If you’re looking to escape stress, lift your mood and boost your immune system, forest bathing could be just what you need.

Forest bathing or ‘shinrin-yoku’ was first developed in Japan in the 1980s. Despite the name you won’t need to pack your swimsuit: it simply means the practice of slowing down and immersing yourself in the forest atmosphere.

Scientific studies conducted by the Japanese government showed that mindful exploration in a forest is good for both physical and mental wellbeing. It is proven to reduce stress hormone production, improve feelings of happiness and free up creativity, as well as lower heart rate and blood pressure, boost the immune system and accelerate recovery from illness.

The goal of forest bathing is to live in the present moment while immersing your senses in the sights and sounds of a natural setting.

Visitors to Minnowburn on the outskirts of Belfast will be able to experience forest bathing in the utmost comfort thanks to the installation of three new forest bathing beds. Funded by Tourism Northern Ireland’s Experiences Development Programme, the benches have been designed by a local company using oak wood and feature quotes from National Trust co-founder Octavia Hill. The beds have been positioned in areas of the forest specially chosen to make the most of the seasonal views and will be moved to different spots throughout the year.

“We are thrilled to have completed the installation of the forest bathing beds at Minnowburn” explains Angie Watson, Experience and Visitor Programming Manager for the National Trust in Belfast.  “As we emerge from a global pandemic and face into a national mental health crisis, allowing people to connect to nature has never been so important. Minnowburn, close to the city centre of Belfast, is the ideal place to invite busy people to step back and reconnect with the natural world.”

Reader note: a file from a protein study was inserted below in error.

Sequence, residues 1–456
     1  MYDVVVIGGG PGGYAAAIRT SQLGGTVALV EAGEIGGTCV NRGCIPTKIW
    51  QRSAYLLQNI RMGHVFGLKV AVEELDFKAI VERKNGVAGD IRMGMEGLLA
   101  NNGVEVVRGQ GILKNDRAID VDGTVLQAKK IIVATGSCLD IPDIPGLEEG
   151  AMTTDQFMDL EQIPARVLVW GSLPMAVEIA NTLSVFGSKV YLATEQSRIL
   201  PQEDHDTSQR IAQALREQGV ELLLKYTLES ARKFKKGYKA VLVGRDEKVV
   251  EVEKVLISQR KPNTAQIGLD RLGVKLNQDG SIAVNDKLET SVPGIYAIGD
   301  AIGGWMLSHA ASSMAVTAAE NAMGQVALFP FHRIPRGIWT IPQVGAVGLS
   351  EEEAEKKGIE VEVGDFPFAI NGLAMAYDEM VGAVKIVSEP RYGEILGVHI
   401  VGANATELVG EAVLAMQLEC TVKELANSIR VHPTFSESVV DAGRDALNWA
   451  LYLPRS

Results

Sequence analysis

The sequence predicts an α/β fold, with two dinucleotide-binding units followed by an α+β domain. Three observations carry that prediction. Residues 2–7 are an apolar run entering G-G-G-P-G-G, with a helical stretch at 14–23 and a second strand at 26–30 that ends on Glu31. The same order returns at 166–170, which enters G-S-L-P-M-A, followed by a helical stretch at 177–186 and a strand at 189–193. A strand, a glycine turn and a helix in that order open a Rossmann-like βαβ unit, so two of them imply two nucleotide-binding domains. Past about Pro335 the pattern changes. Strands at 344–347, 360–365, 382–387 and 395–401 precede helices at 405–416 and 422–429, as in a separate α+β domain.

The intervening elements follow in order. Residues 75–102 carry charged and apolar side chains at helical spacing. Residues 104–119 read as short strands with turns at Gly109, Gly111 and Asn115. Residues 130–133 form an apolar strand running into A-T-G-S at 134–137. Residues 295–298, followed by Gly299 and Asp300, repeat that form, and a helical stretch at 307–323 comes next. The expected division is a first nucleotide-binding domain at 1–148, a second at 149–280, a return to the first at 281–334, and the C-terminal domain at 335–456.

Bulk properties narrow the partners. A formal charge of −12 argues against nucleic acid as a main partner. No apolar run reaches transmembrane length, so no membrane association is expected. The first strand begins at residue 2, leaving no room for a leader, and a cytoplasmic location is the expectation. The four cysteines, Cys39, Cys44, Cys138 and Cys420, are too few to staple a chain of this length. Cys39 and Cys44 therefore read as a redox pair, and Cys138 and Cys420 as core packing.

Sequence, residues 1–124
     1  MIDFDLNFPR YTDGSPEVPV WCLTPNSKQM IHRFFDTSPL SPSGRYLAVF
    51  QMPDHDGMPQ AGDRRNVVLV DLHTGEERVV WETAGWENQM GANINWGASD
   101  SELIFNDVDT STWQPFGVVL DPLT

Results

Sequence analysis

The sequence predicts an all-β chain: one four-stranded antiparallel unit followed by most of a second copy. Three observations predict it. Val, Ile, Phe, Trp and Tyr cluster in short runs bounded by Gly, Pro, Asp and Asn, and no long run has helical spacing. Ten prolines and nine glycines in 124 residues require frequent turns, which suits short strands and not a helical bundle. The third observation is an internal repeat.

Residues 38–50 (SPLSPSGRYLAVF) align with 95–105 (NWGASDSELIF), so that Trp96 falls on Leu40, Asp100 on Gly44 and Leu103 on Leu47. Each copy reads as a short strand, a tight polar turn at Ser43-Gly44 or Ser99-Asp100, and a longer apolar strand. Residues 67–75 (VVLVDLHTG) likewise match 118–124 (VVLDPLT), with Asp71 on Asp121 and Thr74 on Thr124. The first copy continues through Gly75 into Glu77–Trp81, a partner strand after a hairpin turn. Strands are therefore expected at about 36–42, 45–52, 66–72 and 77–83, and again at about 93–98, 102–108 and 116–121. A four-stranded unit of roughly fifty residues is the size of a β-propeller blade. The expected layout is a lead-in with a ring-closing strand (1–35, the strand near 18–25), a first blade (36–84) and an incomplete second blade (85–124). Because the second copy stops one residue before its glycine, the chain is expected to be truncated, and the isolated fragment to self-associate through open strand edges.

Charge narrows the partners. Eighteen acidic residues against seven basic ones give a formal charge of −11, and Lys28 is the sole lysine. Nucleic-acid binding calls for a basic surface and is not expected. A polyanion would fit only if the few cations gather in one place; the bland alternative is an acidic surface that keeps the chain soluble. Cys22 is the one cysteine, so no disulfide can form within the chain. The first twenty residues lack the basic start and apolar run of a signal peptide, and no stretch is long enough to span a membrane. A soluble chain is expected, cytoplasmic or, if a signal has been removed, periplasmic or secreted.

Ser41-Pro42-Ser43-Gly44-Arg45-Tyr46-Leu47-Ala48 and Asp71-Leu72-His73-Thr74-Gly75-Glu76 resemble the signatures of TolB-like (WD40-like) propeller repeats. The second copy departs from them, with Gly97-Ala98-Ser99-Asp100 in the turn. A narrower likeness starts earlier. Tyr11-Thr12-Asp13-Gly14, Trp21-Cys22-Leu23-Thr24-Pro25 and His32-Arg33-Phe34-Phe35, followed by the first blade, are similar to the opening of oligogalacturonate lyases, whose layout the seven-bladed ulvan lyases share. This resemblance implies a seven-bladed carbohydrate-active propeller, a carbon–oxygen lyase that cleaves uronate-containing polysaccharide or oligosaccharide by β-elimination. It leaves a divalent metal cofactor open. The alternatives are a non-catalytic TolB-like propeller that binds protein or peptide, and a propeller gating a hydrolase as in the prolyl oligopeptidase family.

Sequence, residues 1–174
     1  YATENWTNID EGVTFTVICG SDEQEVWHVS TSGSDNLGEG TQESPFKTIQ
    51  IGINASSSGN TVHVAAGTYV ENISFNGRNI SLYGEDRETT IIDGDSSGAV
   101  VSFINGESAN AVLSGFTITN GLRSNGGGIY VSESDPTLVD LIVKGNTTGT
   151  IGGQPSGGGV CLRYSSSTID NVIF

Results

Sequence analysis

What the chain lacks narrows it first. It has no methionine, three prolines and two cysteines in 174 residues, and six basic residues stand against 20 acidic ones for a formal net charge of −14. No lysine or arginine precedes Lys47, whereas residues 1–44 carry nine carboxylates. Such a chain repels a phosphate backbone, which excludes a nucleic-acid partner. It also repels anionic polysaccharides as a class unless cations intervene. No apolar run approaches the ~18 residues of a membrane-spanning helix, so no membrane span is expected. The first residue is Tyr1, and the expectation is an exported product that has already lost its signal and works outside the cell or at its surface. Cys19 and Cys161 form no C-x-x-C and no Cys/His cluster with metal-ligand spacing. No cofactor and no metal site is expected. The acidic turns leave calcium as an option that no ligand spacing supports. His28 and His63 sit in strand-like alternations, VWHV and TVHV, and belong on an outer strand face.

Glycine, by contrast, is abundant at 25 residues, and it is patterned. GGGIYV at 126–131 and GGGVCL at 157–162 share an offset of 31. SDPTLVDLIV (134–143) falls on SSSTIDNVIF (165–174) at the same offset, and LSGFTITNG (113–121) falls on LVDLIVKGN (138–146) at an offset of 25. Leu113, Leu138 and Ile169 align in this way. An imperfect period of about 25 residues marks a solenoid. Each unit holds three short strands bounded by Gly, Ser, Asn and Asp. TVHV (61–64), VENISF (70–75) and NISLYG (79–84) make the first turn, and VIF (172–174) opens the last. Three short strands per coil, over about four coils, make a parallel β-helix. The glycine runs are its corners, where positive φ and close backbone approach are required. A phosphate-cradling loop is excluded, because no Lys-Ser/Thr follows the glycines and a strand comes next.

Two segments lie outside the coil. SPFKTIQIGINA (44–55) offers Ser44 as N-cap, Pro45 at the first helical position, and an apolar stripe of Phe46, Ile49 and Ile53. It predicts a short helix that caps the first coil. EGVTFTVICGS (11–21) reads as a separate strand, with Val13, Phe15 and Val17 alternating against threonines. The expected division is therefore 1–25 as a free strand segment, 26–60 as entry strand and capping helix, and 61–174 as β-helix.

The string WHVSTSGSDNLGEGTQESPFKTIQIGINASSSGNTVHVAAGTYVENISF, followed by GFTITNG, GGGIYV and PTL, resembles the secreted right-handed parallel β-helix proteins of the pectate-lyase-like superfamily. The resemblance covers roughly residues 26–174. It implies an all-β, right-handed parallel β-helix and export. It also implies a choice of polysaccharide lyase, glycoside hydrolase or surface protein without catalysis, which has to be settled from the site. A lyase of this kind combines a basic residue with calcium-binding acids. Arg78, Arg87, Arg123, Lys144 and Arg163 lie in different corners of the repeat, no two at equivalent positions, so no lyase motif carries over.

Angie continues: “We wanted to take the concept of forest bathing to the next level; inviting participation by creating high quality and beautifully crafted beds which allow people to relax, see the sky from a new perspective, and experience the forest in a completely new way. We hope that the beds will encourage people to simply be still, calm and quiet in the forest, allowing them to observe nature, breathe deeply and relax.”

The benefits of ‘nature therapy’ have also been highlighted by reports recently commissioned by the National Trust. Findings in a YouGov poll earlier this year, revealed nature and time outdoors has continued to be the salvation for many during recent lockdowns. Over two thirds (67 per cent) of all adults either agreed or strongly agreed that spending time noticing nature around them has made them feel happier.  This built on the studies in 2018 by academics at the University of Derby which found that improving a person’s connection with nature led to significant increases in their wellbeing.